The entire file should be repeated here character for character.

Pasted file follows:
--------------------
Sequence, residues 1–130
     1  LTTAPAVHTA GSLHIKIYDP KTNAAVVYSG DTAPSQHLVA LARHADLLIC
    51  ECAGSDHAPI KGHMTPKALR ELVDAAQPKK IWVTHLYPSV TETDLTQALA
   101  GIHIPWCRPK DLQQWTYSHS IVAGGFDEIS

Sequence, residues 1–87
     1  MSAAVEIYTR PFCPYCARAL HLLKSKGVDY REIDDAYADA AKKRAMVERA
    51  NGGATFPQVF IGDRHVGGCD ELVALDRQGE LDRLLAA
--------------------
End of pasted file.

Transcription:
Sequence, residues 1–130
     1  LTTAPAVHTA GSLHIKIYDP KTNAAVVYSG DTAPSQHLVA LARHADLLIC
    51  ECAGSDHAPI KGHMTPKALR ELVDAAQPKK IWVTHLYPSV TETDLTQALA
   101  GIHIPWCRPK DLQQWTYSHS IVAGGFDEIS

Sequence, residues 1–87
     1  MSAAVEIYTR PFCPYCARAL HLLKSKGVDY REIDDAYADA AKKRAMVERA
    51  NGGATFPQVF IGDRHVGGCD ELVALDRQGE LDRLLAA